Down Syndrome

Single Transverse Palmar Crease

Bhargavi B. Kola, MD; Vijay Agusala; Veena Agusala; and Vivekananda Dasari, MD

Texas Tech University Health Sciences Center at the Permian Basin, Odessa, Texas


A 6-month-old boy presented to a pediatric clinic for a well-child examination. The mother was concerned about the boy’s weight gain pattern—he had fallen from the 50th percentile on the growth chart at his 2-month checkup to the 25th percentile at the current visit. The infant had been breastfed exclusively, and the mother asked whether she needed to switch from breastfeeding to formula feeding in order for him to gain more weight.

During the physical examination, both of the boy’s palms were noted to have a single straight line from one side to the other, consistent with bilateral single transverse palmar crease. The mother explained that because of this feature, the boy had undergone extensive workup including genetic testing, and his developmental milestones and head circumference had been monitored closely. This made the parents anxious, and the mother suggested that the boy’s slowing growth pattern could be attributed to decreased breast milk production resulting from this anxiety. Nevertheless, the child had been doing well and was active, and his developmental milestones were otherwise appropriate.

Single transverse palmar crease (STPC), formerly known as a simian crease, is characterized by the presence of a single crease that runs the breadth of the hand and is formed from the fusion of the two palmar creases. The STPC develops in utero and is fully formed by the 12th week of gestation.1 It is present in 1 of 30 newborns, with boys being twice as likely to exhibit the phenotype as girls.1 STPCs are commonly inherited and are more prevalent in infants with lower birth weights.2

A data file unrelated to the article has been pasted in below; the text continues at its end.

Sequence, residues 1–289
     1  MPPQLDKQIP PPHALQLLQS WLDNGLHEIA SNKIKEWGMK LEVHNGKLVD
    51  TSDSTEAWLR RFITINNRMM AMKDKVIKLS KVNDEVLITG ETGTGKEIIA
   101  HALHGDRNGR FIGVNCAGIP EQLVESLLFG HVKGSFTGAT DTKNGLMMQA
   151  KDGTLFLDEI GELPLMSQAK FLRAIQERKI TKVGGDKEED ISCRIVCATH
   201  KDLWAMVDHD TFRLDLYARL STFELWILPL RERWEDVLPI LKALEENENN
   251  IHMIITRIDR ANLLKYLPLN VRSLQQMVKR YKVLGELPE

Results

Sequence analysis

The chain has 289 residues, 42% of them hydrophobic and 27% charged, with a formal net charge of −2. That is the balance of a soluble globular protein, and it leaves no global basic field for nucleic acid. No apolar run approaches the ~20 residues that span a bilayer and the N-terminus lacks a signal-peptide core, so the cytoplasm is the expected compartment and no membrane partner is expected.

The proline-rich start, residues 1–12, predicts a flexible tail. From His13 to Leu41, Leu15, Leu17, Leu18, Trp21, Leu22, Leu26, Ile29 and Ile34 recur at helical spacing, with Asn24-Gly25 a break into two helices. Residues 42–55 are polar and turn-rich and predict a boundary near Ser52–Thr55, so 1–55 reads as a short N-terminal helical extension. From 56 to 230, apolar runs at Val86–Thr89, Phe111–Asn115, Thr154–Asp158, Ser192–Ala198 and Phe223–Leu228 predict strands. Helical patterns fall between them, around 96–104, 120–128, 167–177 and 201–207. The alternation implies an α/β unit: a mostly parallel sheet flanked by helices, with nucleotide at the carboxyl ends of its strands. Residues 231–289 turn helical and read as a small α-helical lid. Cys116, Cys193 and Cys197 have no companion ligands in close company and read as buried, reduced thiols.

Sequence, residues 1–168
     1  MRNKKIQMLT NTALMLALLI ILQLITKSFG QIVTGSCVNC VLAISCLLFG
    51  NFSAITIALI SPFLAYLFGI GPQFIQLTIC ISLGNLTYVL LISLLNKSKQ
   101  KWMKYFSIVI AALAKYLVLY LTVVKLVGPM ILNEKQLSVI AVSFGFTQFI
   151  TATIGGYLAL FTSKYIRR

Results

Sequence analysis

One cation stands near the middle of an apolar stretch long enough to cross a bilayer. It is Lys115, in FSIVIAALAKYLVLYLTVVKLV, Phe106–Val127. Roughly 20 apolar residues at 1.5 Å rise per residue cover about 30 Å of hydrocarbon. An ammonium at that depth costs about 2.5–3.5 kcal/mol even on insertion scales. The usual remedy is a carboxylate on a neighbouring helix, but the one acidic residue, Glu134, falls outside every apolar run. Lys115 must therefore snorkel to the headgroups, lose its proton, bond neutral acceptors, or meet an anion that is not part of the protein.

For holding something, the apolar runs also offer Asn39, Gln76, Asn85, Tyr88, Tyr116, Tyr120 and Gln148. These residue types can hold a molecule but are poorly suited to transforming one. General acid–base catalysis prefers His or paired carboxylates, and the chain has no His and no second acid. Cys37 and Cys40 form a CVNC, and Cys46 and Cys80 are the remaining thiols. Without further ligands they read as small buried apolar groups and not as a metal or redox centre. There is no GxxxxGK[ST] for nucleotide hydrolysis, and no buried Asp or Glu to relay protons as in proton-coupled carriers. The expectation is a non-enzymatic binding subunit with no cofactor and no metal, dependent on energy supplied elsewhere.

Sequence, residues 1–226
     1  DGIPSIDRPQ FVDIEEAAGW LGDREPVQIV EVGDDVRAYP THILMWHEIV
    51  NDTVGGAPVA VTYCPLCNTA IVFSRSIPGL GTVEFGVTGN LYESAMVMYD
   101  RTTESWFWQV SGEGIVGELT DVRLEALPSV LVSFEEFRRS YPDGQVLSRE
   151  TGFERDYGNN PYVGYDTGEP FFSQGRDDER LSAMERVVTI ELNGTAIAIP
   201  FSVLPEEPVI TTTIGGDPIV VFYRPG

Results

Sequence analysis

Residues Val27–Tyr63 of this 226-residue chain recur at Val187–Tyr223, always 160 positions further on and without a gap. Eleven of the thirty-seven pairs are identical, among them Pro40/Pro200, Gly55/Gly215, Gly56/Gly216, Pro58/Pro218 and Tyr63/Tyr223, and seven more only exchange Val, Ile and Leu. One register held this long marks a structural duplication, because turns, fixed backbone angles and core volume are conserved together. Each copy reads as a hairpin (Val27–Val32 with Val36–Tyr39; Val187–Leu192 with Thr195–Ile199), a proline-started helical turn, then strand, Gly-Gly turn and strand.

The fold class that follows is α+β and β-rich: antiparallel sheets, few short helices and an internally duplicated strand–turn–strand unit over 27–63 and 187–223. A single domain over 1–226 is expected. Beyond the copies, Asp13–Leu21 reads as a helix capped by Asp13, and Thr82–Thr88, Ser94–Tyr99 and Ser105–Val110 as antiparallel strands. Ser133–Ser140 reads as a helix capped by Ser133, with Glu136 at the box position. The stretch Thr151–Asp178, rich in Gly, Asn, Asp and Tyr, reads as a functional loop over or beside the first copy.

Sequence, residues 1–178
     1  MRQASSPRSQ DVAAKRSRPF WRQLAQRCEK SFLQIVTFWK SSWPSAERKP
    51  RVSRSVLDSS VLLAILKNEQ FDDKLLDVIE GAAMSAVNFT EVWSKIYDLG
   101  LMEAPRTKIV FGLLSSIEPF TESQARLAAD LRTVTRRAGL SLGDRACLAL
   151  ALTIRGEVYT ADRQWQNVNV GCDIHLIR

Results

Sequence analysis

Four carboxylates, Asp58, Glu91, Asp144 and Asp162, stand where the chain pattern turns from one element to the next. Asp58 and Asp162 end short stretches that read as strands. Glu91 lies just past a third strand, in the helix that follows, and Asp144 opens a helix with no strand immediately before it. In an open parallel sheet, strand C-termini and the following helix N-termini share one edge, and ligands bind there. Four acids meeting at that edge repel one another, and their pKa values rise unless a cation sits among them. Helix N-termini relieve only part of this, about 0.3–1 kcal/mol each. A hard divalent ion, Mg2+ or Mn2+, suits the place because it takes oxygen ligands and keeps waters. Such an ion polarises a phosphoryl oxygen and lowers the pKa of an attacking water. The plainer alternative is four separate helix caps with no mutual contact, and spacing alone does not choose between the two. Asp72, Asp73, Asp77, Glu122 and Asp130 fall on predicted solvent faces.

STPC is found in approximately 60% of the population with Down syndrome.3 STPC often also is associated with Aarskog syndrome, Cohen syndrome, fetal alcohol syndrome, trisomy 13 syndrome, congenital rubella syndrome, Turner syndrome, Klinefelter syndrome, pseudohypoparathyroidism, and cri du chat syndrome.1

In many cases, STPC is idiopathic, and most individuals with it have no related underlying conditions. Because STPC is much more common than Down syndrome, STPC does not always indicate Down syndrome. STPC affects approximately 1 in 30 individuals, while Down syndrome affects approximately 1 in 691 individuals, 61.1% of whom have STPC.

A child’s having been born with STPC should not be a cause for concern for parents or health care providers, unless the child manifests other symptoms of an associated condition or is at a higher risk for an associated condition. In such cases, further examination is required for diagnosis. Karyotype testing can determine whether a child has Down syndrome or other chromosomal anomalies (eg, cri du chat syndrome, Klinefelter syndrome, etc). Family history also should be considered. Maternal alcohol consumption during pregnancy and the age of the child’s parents also can be contributing factors.


1. Kaneshiro NK. Simian crease. MedlinePlus. Updated May 20, 2013. Accessed September 11, 2015.

2. Dar H, Carney FE Jr, Winter ST. Dermatoglyphics and the simian crease in infants of low birth weight: a pilot study. Acta Paediatr Scand. 1971;60(4):479-481.

3. Sureshbabu R, Kumari R, Ranugha S, Sathyamoorthy R, Udayashankar C, Oudeacoumar P. Phenotypic and dermatological manifestations in Down syndrome. Dermatol Online J. 2011;17(2):3.